Ohio statewide Democratic candidates came to Dayton on Friday united by one message: Democrats need to vote this fall.
“Voting will solve everything that ails us,” said State Sen. Nina Turner, D-Cleveland, who is running for secretary of state against Republican incumbent Jon Husted.
State Rep. Connie Pillich, D-Montgomery, said she was ahead by just five votes on Election Night in her 2010 House race against a tea party activist. The final results ultimately gave her a wider edge but she said the lesson is every vote counts, and to emphasize it she ran around the perimeter of the lunch hour crowd at Blind Bob’s in the Oregon District high-fiving people and asking them to get her five votes in her race for treasurer against incumbent Josh Mandel.
Democrats hammered Ohio Republican leaders for restricting voting rights and said they are wasting taxpayer money by appealing federal court rulings overturning those state restrictions, including the state’s reduction in early voting hours.
“You need a secretary of state who will expand and protect access to the ballot box for all people and it doesn’t matter to me if they lean a little red, a little blue, a little country, a little rock and roll, a little R&B,” Turner said. “I just want folks to be able to vote.”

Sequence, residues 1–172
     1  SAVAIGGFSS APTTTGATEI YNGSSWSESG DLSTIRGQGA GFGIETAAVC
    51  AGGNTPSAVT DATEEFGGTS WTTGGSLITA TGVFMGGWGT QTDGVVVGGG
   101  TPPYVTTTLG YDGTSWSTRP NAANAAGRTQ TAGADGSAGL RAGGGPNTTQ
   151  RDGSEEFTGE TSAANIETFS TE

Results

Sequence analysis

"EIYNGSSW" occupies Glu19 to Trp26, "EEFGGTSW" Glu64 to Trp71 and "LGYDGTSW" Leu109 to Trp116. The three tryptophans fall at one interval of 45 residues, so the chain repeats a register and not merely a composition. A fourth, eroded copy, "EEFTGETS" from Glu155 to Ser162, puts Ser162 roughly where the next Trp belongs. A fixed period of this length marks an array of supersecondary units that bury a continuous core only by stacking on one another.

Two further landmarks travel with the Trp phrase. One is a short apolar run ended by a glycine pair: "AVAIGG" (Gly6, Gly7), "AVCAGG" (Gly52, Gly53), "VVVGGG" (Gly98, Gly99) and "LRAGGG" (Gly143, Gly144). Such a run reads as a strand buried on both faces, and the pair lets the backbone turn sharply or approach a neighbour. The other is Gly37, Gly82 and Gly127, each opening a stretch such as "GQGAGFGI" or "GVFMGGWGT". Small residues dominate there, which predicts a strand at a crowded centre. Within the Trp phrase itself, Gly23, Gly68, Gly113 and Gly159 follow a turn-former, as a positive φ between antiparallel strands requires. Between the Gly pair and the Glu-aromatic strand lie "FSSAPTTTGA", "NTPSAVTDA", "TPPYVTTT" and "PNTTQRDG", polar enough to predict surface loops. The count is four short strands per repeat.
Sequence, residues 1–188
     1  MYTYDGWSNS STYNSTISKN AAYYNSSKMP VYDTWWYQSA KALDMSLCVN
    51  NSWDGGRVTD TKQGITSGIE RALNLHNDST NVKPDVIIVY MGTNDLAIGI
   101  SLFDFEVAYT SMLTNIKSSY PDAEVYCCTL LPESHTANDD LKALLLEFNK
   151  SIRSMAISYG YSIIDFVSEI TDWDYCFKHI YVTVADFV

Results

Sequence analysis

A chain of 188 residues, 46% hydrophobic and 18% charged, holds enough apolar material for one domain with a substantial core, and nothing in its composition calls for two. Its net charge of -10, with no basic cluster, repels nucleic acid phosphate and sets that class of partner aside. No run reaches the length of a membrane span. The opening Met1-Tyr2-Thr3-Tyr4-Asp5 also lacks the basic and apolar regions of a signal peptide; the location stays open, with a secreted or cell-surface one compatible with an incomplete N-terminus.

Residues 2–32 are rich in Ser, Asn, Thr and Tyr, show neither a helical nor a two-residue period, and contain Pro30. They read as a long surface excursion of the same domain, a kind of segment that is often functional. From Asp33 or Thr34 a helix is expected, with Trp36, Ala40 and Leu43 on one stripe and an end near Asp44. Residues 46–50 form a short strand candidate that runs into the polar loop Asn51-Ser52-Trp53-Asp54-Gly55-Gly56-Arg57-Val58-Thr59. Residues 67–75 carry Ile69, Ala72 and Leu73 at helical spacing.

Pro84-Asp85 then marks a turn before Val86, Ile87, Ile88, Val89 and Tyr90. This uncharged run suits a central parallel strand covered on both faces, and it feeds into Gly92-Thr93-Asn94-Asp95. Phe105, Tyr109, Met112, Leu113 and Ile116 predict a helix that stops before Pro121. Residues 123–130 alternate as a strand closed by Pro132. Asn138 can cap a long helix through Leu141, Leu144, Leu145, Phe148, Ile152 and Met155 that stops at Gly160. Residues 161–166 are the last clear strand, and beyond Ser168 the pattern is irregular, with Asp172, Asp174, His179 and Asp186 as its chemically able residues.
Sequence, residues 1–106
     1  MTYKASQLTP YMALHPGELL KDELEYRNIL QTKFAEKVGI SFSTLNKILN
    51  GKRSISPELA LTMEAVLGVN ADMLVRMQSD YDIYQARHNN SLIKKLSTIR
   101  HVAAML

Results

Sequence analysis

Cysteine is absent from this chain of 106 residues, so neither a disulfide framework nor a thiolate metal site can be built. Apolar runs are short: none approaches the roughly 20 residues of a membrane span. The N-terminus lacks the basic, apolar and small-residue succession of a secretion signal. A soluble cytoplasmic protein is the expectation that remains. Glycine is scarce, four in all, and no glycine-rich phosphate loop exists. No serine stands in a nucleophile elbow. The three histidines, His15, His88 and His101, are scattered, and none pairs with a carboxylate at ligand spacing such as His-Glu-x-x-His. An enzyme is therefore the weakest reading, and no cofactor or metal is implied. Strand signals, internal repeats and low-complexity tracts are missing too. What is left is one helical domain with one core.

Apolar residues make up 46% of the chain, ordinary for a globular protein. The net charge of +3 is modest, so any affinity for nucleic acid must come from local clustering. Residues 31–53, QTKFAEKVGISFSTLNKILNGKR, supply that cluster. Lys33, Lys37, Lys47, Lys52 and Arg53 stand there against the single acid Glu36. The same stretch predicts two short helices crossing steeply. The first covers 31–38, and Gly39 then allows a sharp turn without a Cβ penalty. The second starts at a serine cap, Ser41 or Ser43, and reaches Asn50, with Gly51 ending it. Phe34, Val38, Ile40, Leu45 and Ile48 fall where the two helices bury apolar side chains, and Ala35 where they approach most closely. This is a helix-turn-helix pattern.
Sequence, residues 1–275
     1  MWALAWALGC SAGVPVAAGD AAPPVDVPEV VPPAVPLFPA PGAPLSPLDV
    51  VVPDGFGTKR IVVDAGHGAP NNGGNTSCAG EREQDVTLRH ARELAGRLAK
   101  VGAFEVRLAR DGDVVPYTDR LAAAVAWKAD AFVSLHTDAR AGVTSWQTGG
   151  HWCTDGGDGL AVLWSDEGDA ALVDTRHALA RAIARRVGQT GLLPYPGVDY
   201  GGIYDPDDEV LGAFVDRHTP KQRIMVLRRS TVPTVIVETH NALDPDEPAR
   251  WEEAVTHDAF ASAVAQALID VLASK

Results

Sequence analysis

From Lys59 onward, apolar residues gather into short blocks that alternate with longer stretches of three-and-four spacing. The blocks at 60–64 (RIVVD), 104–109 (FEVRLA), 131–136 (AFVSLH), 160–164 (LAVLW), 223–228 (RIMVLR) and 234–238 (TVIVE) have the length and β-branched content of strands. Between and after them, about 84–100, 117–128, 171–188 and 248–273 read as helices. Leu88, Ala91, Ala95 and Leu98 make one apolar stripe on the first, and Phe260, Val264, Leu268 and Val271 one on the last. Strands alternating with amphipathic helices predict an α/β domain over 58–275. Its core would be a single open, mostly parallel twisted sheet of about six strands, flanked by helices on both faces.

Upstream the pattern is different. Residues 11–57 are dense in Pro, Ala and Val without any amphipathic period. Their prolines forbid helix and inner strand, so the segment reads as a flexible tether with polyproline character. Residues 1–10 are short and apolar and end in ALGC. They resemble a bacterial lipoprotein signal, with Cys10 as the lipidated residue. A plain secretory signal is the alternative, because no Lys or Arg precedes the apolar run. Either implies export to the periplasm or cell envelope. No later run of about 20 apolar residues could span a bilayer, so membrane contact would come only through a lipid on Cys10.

Chris Schrimpf, spokesman for the Ohio Republican Party, responded via email and said Republicans made it easier for people to vote, not harder, by mailing out absentee ballot applications to all voters.
Schrimpf said the Democrats use “extreme rhetoric in an effort to motivate their voters, many of whom are probably backing Republicans this year.”
“Republicans solved the $8 billion budget hole the Democrats left behind and did it while cutting taxes by $3 billion,” said Schrimpf. “Simply put, Ohio is seeing more jobs, higher wages and more money in the pockets of the middle class under Republican leadership.”
The Dayton kickoff to the Democratic Party’s Tour to Restore Ohio included six statewide Democratic candidates and 5th District Senate candidate Dee Gillis, a Tipp City councilwoman. The tour is scheduled to hit 12 cities by Tuesday. Candidates appearing in Dayton also included Ed FitzGerald, the Cuyahoga County executive running for governor and his running mate, Dayton attorney Sharen Neuhardt, auditor candidate David Pepper, and State Rep. Tom Letson, D-Warren, who is running for the Ohio Supreme Court.
The latest polls show all Democratic statewide candidates trailing incumbent Republicans, so Democrats are focusing on get out the vote efforts.
FitzGerald said the state uses local governments “basically as an ATM” by cutting money that pays for local services in order to give tax cuts to the wealthy. He said job creation in Ohio has been anemic compared to other states and many of the new jobs are low paying.
The speeches pleased Stacey Benson, a staff representative of the American Federation of State, County and Municipal Employees, who attended the event.
“It’s a strong ticket that really believes in workers and fighting for the people,” Benson said.
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